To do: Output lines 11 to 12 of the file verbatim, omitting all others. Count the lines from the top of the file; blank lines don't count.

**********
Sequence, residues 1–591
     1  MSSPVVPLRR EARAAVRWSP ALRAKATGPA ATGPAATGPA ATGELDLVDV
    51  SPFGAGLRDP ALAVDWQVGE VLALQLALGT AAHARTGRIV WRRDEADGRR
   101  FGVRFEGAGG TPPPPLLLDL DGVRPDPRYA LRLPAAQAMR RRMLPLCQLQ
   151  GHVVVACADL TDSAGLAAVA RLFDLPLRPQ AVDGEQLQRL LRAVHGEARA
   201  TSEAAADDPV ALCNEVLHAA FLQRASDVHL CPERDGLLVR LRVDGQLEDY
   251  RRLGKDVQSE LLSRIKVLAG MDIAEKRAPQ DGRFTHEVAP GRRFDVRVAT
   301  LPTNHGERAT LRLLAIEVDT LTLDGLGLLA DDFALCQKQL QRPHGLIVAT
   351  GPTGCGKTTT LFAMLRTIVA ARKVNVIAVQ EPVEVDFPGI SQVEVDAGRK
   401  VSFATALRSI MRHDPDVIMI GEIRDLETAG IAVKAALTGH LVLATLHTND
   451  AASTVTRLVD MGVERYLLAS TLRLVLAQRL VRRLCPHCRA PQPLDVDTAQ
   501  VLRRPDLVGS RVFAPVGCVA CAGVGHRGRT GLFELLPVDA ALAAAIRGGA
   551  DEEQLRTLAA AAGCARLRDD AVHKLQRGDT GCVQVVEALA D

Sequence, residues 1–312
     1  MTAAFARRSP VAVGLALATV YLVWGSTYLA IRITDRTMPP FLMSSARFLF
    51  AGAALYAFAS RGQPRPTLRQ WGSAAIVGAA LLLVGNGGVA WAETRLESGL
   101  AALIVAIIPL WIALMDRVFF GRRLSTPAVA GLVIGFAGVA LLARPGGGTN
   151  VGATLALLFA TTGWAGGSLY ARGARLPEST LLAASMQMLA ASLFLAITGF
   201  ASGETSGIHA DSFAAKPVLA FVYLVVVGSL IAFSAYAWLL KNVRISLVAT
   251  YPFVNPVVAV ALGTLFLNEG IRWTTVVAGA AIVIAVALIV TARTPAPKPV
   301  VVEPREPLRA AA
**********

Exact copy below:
   451  AASTVTRLVD MGVERYLLAS TLRLVLAQRL VRRLCPHCRA PQPLDVDTAQ
   501  VLRRPDLVGS RVFAPVGCVA CAGVGHRGRT GLFELLPVDA ALAAAIRGGA